Monday, June 22, 2015

Tabletop, Wil Wheaton, and Internet Judgment

(Language warning)

Incidents with Wil Wheaton's blog last week created an uproar on the net of tidal proportions. Who doesn't know that Wil Wheaton runs the coolest game demoing show on the net? If you haven't watched Tabletop, you are missing out. Alas, his third season has had some problems that he comes out to explain in the following of his blog posts:



Before I get too far, I'm going to quote Wil on that second blog post where he says something that hits remarkably close to home for me and my project.

Note that first sentence. It's of incredible importance. It's a solemn reminder that we are human. Something that people seem to want to cast aside when it comes to the internet. You aren't allowed to be human on the internet. The entirety of both those blog posts show that Wil is just that, human. It shows that he deals with all the same bull that someone new to the industry can deal with.

It's also an important lesson in dealing with people who aren't going to like what you do. It's a lesson I learned, but I wasn't prepared for the level of gross "shitting on" I was going to receive. It honestly took me by surprise. As Wil said in his second blog post, he may not have responded to the issues in the best way he could. Same goes for me. But there are points for everyone when the needling just hits that nerve one too many times.

You're supposed to always be positive and always wear a happy face. But that's not the human thing to do when people are taking that gratuitous dump on your work.

When my art work was attacked; hold on, let me explain that. It felt like being attacked because the feedback consisted of unhelpful negative remarks given in force of numbers. When 8-15 people line up in one comment thread to say things like:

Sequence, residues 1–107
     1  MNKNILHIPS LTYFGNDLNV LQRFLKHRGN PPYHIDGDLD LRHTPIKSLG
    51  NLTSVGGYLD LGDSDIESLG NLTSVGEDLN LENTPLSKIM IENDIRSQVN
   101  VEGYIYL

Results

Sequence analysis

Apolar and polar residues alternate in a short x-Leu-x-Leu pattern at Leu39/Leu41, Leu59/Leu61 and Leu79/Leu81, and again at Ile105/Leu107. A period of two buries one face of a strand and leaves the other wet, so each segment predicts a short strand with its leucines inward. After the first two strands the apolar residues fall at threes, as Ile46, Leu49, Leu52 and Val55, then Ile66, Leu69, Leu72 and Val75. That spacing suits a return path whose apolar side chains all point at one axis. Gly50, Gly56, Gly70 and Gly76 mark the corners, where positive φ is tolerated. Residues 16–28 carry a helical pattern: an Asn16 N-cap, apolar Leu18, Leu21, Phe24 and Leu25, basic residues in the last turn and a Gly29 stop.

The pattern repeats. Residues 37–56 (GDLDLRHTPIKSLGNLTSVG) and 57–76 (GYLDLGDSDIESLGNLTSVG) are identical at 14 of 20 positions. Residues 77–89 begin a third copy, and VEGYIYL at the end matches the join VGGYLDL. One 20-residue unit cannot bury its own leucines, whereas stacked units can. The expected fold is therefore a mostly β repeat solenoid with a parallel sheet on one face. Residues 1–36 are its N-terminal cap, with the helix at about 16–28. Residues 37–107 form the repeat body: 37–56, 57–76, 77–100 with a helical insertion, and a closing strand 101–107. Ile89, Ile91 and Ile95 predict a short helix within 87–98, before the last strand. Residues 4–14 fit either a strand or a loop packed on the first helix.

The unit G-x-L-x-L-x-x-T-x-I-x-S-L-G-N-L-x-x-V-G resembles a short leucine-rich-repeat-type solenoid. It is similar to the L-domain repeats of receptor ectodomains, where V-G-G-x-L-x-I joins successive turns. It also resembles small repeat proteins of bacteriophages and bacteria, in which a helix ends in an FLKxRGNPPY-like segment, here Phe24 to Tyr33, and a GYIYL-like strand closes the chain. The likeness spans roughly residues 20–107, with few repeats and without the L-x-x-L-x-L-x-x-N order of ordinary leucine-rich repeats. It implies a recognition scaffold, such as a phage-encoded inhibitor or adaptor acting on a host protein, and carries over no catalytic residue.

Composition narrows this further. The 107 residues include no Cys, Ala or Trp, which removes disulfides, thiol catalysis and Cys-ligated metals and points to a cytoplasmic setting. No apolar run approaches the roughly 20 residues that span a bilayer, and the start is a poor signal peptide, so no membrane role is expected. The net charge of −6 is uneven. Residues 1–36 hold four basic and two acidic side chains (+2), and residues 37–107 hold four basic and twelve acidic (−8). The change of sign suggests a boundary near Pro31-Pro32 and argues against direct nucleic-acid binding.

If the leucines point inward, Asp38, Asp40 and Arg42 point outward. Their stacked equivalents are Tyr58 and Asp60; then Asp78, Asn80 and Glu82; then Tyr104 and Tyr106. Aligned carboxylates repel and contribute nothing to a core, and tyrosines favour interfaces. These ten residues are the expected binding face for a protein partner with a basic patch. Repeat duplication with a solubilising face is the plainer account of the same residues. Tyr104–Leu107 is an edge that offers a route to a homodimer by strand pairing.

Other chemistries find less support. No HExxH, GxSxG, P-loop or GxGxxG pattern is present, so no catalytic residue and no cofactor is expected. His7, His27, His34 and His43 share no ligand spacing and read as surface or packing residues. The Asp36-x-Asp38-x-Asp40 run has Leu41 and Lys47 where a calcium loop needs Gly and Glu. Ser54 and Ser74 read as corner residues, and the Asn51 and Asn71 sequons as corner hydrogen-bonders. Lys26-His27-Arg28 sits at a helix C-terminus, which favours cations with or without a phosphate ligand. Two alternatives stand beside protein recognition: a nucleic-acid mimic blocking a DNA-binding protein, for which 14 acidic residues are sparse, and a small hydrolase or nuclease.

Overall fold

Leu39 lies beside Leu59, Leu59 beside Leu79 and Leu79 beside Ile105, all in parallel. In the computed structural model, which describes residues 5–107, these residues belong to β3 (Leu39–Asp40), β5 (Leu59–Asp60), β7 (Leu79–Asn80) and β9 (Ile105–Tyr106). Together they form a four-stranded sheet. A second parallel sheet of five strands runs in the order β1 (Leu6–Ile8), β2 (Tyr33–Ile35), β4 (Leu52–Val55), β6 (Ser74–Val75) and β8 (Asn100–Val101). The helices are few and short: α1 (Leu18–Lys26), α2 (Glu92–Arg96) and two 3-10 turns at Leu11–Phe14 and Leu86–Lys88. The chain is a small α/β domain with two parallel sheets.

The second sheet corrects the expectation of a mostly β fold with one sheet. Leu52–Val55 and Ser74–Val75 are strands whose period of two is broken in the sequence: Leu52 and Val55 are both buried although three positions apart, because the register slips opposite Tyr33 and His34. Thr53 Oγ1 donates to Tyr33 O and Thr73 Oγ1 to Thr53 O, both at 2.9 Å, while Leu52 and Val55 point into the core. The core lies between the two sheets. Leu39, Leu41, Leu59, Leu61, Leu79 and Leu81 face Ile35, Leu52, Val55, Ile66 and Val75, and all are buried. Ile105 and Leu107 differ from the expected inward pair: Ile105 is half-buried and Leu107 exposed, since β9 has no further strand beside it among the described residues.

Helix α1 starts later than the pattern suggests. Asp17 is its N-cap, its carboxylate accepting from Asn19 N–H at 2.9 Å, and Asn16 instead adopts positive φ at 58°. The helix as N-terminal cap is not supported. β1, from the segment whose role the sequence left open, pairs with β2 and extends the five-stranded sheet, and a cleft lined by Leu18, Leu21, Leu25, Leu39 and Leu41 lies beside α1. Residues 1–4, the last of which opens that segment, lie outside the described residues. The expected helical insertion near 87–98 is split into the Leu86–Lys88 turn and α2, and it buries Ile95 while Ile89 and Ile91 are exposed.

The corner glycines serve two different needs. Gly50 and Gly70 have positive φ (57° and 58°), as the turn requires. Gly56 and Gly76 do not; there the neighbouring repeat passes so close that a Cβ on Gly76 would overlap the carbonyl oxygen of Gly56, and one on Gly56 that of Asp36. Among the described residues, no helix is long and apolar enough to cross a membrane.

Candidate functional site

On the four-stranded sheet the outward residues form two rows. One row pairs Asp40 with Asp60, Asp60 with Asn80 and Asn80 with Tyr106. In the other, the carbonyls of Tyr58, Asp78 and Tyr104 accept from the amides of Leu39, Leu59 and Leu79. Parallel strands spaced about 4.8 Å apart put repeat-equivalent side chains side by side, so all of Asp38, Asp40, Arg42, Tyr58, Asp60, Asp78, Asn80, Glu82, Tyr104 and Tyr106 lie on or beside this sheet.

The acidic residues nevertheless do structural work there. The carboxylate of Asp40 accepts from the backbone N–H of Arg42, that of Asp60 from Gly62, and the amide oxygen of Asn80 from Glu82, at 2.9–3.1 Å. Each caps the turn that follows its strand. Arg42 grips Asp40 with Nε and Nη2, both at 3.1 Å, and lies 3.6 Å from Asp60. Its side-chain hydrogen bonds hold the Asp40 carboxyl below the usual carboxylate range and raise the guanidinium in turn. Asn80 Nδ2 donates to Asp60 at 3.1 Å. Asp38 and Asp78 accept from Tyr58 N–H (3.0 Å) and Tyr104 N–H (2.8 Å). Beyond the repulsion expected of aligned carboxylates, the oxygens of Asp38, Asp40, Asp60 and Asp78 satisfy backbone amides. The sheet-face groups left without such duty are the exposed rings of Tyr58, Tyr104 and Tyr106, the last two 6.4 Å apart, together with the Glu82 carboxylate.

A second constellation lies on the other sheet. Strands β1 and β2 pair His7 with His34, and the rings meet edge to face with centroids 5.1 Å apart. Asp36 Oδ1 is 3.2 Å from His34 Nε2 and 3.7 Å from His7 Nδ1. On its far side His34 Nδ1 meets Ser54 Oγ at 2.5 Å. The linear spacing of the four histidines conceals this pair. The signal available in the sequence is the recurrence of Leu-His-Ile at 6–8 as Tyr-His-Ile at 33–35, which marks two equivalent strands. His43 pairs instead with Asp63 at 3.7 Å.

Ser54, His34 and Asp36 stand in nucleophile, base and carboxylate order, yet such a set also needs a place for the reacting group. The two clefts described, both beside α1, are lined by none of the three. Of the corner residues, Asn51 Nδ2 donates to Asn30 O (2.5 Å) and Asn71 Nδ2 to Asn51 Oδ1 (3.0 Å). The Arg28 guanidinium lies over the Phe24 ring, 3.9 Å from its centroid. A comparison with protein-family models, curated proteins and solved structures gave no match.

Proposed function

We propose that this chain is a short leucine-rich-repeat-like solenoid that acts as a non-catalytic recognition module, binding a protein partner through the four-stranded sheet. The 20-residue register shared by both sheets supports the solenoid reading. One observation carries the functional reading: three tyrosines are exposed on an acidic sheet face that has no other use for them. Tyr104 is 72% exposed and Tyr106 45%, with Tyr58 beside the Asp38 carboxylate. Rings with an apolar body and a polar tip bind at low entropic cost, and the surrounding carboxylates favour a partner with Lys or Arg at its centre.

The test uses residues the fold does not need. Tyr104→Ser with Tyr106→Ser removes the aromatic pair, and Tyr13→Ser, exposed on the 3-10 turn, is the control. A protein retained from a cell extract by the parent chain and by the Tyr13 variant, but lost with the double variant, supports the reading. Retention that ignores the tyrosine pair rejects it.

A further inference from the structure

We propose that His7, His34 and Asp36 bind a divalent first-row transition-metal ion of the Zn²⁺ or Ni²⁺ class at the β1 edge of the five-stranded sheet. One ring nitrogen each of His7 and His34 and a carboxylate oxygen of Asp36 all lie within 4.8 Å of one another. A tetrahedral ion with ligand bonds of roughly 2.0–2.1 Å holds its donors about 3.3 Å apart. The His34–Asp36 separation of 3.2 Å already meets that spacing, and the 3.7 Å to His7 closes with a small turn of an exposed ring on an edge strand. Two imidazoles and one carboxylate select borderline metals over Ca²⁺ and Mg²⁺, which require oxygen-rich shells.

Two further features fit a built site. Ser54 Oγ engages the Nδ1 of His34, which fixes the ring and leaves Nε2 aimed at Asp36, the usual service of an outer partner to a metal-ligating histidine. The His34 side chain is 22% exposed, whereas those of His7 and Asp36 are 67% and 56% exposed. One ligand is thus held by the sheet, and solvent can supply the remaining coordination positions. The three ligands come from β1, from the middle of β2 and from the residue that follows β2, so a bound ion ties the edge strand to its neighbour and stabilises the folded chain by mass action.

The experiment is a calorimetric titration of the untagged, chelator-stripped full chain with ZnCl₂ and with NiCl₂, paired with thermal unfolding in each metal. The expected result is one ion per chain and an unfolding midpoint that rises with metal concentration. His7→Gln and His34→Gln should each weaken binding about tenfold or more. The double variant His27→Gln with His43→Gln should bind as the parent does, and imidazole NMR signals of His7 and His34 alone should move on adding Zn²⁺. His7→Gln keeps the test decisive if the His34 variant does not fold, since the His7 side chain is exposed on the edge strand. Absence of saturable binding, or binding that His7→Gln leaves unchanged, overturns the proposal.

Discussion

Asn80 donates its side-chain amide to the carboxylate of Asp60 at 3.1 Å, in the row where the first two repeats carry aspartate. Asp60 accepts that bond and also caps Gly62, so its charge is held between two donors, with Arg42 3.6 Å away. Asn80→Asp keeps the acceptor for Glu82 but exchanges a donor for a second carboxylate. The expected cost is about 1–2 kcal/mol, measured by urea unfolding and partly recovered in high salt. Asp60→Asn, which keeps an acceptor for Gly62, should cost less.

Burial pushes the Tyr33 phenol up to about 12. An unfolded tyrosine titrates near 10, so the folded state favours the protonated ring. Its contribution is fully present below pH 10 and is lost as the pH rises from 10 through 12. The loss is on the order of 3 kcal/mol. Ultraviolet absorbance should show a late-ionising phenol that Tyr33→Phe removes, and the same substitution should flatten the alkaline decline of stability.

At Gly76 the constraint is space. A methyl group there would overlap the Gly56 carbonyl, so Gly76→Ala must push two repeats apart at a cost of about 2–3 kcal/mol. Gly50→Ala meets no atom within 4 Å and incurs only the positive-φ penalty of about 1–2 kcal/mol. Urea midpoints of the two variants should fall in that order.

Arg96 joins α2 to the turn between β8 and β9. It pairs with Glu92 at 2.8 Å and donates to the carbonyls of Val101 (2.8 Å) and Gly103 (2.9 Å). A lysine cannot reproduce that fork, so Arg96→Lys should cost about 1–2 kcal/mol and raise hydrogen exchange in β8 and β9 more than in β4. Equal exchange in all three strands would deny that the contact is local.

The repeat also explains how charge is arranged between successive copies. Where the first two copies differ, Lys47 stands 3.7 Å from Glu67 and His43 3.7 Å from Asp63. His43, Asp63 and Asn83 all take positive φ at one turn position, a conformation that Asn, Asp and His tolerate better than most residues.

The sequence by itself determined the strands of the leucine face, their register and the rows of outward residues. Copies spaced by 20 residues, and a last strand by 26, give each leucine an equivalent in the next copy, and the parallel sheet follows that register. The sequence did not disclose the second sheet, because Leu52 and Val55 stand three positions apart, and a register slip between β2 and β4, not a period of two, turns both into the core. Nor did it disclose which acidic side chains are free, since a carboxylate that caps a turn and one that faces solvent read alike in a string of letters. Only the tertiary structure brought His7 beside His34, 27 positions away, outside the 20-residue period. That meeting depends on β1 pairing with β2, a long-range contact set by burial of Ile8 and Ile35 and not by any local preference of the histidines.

"Your work looks like a five year old did it."
"It looks purposely bad."
"It's abysmal."
"My kid could do better on MS Paint."
"Hire someone else to do it."

It's only natural to feel  outnumbered and it shook me up. Then I had people ask me questions that they clearly didn't want the answers to. When they got the answer they said I was full of excuses. But you know what all that really means? Two things.

-I'll never impress those people with anything. No, Nothing. Accept it.
-Those are the absolute wrong people for me to show my work to.

My artwork is my achievement. Do I expect it to be the permanent face of my project. No I don't. But it's still my achievement. These people have no idea how  hard it was for me to do what I did, and frankly, they don't give two shits.

So I have to get this going in my mind. When someone lines up to shit on my work, I need to dismiss them. I have too much to do to worry about their woes. If they have a constructive idea to toss my way, I'm all cool with that. If they just don't like my games or stories. That's fine too.

But even in the practice of that, I'm human. Has being human alienated me? Probably to some degree. I feel bad about that, but I just have to dust myself off and keep working.

I think Wil Wheaton is going to bounce back from this and keep doing amazing things. I'm sure I can follow that example.

I have to stick with the facts that matter too. People who have played my game have enjoyed it. I have published two books. I have actually fully developed and designed a prototype in solid cardboard. These are my achievements. Let no amount of elitist shit ever tarnish them.
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